Ubisoft clarifies mixed signals on The Division 2, saying the game is still a success that simply didn't break the bar set by the company.
The Division 2 sold tremendously well on all platforms and markets. The sequel was the best-selling game in the first six months of 2019. But in today's landscape game sales aren't everything. Ubisoft cares a lot more about what it calls PRI or Player Recurring Investment, or cosmetic microtransactions and season/battle passes. Game sales are just the beginning, and the aim is to keep monetizing gamers over time and offering free content in return.
If The Division 2 was a huge sales success, it's not too hard to see why the game missed Ubisoft's expectations. It apparently just didn't monetize as strongly as the company had hoped. A game moving massive units isn't enough for a digital-first developer like Ubisoft. The real money comes in with recurring live service microtransactions, and Ubisoft was counting on much more than what the game delivered.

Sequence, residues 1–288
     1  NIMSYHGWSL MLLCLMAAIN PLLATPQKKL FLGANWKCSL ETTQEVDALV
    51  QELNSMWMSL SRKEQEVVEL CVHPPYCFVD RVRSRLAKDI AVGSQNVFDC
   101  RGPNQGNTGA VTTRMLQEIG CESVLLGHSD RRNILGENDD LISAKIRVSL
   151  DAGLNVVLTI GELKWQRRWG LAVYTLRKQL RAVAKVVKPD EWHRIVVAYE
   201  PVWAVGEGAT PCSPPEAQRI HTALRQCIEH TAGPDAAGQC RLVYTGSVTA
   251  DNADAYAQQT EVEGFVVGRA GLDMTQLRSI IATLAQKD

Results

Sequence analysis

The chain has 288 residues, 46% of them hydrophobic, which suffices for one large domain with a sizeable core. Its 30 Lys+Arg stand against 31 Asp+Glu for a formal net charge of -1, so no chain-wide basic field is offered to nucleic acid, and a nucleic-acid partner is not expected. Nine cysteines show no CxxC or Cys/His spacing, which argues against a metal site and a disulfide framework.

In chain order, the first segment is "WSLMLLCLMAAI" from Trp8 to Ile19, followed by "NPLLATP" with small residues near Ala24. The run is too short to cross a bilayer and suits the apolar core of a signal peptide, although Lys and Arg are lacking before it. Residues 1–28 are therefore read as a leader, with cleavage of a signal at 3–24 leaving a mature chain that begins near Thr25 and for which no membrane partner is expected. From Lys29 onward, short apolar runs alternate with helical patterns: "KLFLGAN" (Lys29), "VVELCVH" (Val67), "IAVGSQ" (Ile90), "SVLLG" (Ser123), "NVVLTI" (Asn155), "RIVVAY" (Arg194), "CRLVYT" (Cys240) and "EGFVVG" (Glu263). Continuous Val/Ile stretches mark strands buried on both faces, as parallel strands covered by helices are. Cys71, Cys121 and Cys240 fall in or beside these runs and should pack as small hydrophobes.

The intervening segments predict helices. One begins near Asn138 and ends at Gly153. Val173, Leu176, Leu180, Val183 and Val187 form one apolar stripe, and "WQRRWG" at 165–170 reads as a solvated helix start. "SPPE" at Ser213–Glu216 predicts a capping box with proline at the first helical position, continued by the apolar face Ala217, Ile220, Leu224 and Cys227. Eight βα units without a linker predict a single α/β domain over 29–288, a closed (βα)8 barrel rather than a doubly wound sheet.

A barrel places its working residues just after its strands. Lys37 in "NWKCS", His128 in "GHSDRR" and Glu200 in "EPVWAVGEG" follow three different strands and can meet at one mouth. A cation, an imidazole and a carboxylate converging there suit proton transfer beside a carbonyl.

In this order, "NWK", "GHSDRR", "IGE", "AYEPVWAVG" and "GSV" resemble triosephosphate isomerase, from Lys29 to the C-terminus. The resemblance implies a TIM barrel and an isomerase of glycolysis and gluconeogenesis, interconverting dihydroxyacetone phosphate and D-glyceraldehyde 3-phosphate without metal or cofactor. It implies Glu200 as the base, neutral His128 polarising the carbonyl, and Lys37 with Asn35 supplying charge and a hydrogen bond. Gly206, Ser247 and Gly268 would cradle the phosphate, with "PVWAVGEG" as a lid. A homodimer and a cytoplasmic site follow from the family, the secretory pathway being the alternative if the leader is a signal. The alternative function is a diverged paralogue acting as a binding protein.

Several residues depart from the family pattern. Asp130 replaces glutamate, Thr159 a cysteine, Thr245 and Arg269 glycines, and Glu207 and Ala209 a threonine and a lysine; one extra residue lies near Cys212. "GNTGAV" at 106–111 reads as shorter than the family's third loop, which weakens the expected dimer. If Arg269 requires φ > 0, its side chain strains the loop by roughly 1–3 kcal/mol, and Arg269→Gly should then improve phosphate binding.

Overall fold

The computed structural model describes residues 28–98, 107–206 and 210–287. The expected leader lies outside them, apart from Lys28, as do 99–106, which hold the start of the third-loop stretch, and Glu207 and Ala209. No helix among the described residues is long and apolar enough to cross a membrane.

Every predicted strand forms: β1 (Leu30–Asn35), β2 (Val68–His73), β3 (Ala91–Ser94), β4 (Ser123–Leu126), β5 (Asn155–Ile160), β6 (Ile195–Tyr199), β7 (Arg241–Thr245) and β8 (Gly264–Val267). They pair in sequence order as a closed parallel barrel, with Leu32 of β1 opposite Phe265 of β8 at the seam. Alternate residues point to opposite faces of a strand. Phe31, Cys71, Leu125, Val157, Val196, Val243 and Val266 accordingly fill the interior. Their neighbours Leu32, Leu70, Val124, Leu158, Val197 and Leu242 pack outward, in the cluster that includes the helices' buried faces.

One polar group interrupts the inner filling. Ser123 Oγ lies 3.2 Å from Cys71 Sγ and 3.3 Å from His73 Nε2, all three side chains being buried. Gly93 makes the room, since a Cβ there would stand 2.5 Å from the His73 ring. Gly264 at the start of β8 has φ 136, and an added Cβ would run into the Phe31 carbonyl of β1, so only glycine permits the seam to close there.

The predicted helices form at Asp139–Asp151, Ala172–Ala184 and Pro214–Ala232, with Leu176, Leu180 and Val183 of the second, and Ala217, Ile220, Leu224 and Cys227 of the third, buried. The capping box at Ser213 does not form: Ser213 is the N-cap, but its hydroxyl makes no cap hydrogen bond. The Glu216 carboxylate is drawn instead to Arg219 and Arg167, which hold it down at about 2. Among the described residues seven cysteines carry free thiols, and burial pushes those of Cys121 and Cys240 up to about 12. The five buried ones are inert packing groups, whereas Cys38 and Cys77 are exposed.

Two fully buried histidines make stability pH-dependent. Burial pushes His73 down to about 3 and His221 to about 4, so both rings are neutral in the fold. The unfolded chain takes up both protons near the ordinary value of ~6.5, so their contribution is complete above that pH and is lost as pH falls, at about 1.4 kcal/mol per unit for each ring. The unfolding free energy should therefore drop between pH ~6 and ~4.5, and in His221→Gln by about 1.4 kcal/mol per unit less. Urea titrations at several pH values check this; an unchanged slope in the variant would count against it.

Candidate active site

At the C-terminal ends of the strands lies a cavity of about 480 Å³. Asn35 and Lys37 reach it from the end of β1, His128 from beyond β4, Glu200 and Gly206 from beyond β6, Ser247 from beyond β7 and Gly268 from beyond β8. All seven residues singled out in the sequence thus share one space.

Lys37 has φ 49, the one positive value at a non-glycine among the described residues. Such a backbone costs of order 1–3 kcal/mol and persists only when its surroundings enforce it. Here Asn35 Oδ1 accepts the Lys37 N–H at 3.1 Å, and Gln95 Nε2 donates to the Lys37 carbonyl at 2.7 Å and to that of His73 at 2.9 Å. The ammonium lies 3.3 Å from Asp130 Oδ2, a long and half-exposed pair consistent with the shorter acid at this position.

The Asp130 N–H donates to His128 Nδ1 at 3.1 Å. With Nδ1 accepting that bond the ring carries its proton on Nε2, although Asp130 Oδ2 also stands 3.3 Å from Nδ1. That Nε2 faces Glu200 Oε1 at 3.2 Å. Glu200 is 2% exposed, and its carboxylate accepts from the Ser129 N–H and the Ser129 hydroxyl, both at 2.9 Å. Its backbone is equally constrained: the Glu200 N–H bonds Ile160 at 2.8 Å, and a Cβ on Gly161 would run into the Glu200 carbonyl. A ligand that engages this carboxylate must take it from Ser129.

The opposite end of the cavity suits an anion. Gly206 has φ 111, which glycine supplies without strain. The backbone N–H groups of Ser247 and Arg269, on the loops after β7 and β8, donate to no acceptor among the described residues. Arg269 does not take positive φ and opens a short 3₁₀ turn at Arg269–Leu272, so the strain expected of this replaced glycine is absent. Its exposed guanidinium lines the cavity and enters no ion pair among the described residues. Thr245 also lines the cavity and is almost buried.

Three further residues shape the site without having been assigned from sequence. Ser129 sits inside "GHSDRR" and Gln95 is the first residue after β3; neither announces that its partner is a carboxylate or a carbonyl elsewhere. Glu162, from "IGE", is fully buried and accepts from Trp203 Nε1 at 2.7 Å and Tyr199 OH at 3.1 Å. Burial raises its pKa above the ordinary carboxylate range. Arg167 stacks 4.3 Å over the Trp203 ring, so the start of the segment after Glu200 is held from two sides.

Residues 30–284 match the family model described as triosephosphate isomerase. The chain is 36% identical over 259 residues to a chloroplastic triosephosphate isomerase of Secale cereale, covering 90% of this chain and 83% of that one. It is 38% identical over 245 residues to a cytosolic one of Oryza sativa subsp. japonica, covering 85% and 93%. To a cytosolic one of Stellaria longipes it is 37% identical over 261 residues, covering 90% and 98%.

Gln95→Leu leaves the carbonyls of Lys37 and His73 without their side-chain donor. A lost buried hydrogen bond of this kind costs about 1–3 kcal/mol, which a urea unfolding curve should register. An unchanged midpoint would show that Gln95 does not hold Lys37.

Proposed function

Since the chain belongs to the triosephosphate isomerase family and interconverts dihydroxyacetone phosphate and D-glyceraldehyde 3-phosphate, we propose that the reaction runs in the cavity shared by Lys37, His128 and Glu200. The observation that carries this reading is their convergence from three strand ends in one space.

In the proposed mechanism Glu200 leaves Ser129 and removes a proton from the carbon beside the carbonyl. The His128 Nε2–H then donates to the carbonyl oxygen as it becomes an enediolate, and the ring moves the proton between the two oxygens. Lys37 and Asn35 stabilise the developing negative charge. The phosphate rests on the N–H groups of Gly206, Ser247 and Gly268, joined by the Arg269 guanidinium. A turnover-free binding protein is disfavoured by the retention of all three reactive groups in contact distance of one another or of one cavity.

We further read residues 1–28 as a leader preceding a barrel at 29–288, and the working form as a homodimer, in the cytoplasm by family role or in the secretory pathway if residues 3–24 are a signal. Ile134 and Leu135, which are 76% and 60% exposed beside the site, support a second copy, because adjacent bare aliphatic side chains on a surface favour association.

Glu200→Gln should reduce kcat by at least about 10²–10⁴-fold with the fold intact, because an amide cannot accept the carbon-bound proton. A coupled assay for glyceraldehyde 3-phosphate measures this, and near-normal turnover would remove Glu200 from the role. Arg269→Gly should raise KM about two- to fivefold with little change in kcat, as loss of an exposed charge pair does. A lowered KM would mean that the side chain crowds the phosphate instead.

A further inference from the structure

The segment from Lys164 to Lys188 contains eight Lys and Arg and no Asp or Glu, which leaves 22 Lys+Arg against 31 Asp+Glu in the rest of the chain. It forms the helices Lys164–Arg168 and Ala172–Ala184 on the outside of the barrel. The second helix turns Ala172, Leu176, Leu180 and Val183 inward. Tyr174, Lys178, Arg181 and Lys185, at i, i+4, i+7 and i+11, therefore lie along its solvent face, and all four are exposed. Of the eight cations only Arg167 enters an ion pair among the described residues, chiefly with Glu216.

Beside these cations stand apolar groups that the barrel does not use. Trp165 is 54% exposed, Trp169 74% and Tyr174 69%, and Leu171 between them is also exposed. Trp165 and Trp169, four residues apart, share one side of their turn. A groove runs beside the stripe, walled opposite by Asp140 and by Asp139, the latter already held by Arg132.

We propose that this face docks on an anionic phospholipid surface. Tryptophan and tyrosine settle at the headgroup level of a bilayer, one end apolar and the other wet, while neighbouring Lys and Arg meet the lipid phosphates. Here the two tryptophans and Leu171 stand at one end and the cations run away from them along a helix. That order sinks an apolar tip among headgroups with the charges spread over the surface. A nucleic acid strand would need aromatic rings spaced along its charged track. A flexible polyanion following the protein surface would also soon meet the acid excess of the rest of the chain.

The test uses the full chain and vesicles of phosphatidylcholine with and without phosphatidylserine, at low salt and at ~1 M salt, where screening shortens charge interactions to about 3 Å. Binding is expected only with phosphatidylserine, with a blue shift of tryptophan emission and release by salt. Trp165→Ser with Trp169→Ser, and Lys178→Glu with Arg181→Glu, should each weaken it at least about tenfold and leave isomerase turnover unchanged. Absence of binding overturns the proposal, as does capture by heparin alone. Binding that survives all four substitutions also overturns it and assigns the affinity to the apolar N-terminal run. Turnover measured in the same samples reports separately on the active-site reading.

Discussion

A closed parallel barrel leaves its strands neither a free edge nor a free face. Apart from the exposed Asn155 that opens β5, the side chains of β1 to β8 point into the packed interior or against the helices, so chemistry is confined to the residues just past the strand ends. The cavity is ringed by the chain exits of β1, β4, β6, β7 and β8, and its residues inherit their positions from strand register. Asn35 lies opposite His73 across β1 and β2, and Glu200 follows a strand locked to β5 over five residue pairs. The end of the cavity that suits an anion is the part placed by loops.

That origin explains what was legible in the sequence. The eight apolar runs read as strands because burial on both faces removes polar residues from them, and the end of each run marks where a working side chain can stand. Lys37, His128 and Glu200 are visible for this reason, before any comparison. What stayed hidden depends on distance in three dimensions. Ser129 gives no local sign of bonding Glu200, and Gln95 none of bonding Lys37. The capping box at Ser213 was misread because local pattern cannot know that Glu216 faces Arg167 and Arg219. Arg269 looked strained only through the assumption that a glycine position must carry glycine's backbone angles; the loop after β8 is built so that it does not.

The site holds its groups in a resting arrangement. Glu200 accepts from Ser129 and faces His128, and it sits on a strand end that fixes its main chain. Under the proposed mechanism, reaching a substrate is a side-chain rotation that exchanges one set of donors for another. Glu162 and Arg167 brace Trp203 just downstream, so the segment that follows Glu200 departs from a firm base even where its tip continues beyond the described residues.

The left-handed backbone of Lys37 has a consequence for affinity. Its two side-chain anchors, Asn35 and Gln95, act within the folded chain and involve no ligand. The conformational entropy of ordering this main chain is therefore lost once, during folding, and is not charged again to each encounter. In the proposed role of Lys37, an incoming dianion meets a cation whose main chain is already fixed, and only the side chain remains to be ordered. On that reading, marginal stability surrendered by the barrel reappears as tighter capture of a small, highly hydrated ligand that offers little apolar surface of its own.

The Division 2's revenue miss actually caused Ubisoft to delay three major games and change how it makes its live games (Ghost Recon Breakpoint was also a huge motivator).
When asked to clarify the mixed messages, Ubisoft said this:
"Even if we were disappointed by the expectations we had on the game, we see it's still a very good seller and it was meaningfully profitable. It didn't do what we expected but it's still a very good game," Ubisoft CEO Yves Guillemot said in a recent Q2'19 earnings call.
Ubisoft is currently doubling-down on two major elements for all of its new games, especially service-based sequels:
- Effectively infusing revenue-earning live operations in all of its games and focusing on robust new post-release content
- Investing heavily in new innovative features that break new ground and establish new formulas as a highly-optimized experience
Last updated: Nov 2, 2019 at 06:11 am CDT
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